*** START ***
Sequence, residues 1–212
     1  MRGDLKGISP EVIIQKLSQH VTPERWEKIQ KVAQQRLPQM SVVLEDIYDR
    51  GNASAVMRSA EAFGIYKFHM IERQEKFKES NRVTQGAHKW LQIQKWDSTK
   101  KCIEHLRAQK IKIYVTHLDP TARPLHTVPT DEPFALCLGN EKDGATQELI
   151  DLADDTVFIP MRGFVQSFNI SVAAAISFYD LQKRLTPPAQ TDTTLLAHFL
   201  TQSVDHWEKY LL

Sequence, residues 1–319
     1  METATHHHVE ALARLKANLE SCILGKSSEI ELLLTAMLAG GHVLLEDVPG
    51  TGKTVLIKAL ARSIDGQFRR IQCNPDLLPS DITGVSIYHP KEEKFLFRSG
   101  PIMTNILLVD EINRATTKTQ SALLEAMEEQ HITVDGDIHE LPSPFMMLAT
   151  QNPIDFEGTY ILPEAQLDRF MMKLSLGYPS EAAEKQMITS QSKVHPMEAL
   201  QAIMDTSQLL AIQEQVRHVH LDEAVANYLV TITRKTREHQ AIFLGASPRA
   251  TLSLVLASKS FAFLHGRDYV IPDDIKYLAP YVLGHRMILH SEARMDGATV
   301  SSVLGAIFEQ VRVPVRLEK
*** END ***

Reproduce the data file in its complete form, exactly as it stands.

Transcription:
Sequence, residues 1–212
     1  MRGDLKGISP EVIIQKLSQH VTPERWEKIQ KVAQQRLPQM SVVLEDIYDR
    51  GNASAVMRSA EAFGIYKFHM IERQEKFKES NRVTQGAHKW LQIQKWDSTK
   101  KCIEHLRAQK IKIYVTHLDP TARPLHTVPT DEPFALCLGN EKDGATQELI
   151  DLADDTVFIP MRGFVQSFNI SVAAAISFYD LQKRLTPPAQ TDTTLLAHFL
   201  TQSVDHWEKY LL

Sequence, residues 1–319
     1  METATHHHVE ALARLKANLE SCILGKSSEI ELLLTAMLAG GHVLLEDVPG
    51  TGKTVLIKAL ARSIDGQFRR IQCNPDLLPS DITGVSIYHP KEEKFLFRSG
   101  PIMTNILLVD EINRATTKTQ SALLEAMEEQ HITVDGDIHE LPSPFMMLAT
   151  QNPIDFEGTY ILPEAQLDRF MMKLSLGYPS EAAEKQMITS QSKVHPMEAL
   201  QAIMDTSQLL AIQEQVRHVH LDEAVANYLV TITRKTREHQ AIFLGASPRA
   251  TLSLVLASKS FAFLHGRDYV IPDDIKYLAP YVLGHRMILH SEARMDGATV
   301  SSVLGAIFEQ VRVPVRLEK